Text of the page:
but i still have one other doubt, during one client reads a record, the other client updates. How to protect my database?( premise : my Data is not single one, it will give a new Data instance for each remote client. )
 
Mark Spritzler
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: my Data is not single one, it will give a new Data instance for each remote client. )

Actually you want to give each remote client a reference to just one Data instance. The Data class does not and should not be a Singleton Design Pattern. You should just create one instance of this class when you start up the server, then just pass the reference to each client as it connects to the server.
Mark
 
Jim Yingst
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[ZYL]: hi jim, you say "Synchronizing on Data.class is a bit ugly " but what other is can do it.
Well I prefer using a single instance of Data - then you can sync on "this". Or have all the Data instances share a single FileChannel or RandomAccessFile - then you can sync on that. You need some sort of shared object for sync. I suppose Data.class is OK, except that many junior programmers won't recognize the .class syntax for a class literal.
[ZYL]: I have asked should the Data be single one, your answer is no need to do.
Ummm... I forget which conversation this was, but I think I was saying that you probalby shouldn't use the full singleton pattern, which would prevent anyone from ever having additional Data instances, even for other DB files. Personally I strongly prefer that you have one Data instance per db file. Which in practice means you only ever create one Data instance for this assignment. But future enhancements could use other Data instances.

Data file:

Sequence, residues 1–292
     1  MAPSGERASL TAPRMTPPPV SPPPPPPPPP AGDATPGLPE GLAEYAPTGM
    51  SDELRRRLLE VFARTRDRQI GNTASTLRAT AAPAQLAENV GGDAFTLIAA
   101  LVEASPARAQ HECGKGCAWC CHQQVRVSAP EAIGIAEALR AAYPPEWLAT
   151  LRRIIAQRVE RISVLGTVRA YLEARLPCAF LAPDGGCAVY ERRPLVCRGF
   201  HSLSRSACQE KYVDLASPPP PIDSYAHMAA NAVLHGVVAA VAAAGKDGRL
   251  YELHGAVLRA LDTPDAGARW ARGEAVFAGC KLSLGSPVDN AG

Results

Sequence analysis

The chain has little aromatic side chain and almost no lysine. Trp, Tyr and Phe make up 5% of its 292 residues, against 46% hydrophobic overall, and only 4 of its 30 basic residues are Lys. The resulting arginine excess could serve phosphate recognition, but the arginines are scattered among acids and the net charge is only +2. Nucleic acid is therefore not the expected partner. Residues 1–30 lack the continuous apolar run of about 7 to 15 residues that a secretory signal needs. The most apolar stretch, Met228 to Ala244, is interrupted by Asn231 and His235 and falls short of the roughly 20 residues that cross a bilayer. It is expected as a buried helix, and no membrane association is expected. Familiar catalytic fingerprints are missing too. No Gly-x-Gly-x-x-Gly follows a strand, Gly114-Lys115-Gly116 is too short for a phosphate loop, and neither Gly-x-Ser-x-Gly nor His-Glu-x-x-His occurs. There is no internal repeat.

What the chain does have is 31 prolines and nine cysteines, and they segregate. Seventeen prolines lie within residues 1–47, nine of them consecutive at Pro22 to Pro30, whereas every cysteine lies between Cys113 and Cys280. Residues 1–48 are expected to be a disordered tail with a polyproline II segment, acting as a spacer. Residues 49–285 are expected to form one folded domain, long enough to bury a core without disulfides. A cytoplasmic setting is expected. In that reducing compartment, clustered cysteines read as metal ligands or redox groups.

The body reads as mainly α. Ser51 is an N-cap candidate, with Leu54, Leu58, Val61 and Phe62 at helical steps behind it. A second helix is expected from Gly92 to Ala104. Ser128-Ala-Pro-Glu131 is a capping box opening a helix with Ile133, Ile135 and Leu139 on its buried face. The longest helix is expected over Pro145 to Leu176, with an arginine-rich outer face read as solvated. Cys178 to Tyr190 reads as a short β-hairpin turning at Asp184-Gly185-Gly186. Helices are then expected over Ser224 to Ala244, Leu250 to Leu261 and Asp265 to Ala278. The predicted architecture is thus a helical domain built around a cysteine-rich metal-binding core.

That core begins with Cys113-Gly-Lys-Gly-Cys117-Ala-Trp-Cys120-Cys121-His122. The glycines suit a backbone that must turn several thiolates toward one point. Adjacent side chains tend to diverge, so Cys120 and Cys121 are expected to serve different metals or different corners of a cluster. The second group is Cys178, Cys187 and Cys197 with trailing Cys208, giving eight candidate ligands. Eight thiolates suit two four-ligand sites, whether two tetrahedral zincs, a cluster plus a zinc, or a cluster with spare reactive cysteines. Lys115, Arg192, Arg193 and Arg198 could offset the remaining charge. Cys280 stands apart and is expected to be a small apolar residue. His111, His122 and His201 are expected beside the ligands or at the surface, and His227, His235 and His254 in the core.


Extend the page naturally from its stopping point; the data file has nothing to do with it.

Additionally - well if you really want multiple Data instances, yes it's possible, but you still need something else to sync on during create() at least. (And I really prefer to sync during any update() or delete() as well, and probably read() as well, but there's a long discussion about that...)
[ZYL]: But, is there something can prevent multiple clients from creating at same time other than synchronizing on Data.class?
I think to lock the database is the one approach.

There are some other solutions I can think of that don't involve sync, but all I can think of are signivficantly more complex and/or much slower. Locking the whole DB is probably both. Well, if you have a requirement to be able to lock the whole DE anyway (I don't), then using it here does not really add any complexity. But it is almost certainly slower than simply using sync.
[ZYL]: but i still have one other doubt, during one client reads a record, the other client updates. How to protect my database?( premise : my Data is not single one, it will give a new Data instance for each remote client. )
Options:
  • Syncronize both the read() and update() on some shared monitor object.
  • Rely on the "atomicity" of FileChannel to prevent interference between the read() and write(). I don't believe that FileChannel and associated APIs really guarantee that this will always work, but in practice it certainly seems to work the vast majority of the time at least. This may depend on your platform. See lengthy ongoing discussion here if you want.
  • Accept the possibility that data in a read() may be corrupted (though in practice it seems extremely unlikely)

  • I favor the first option; others here prefer some combination of the other two. I still disagree with the second option, but third is OK, IMO.
    [ August 06, 2003: Message edited by: Jim Yingst ]
     
    Tony Collins
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    Jim,
    remember you can sync on any static member of the data class.
     
    Jim Yingst
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    Yup, as noted. ("Perhaps an object held by a static variable?"). Using Data.class was just simplest since I don't have to show any other variable declarations.
     
    Mark Spritzler
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    I like the first option too, of synchronizing the methods.
    Mark
     
    ZhiYuan Lin
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    O, i got it.
    thank you very much! Mark,Jim,Tony
    hi,Jim thank you for your detailed answer, i will learn the Channel
    hi,Mark I will follow "You should just create one instance of this class when you start up the server, then just pass the reference to each client as it connects to the server." it light me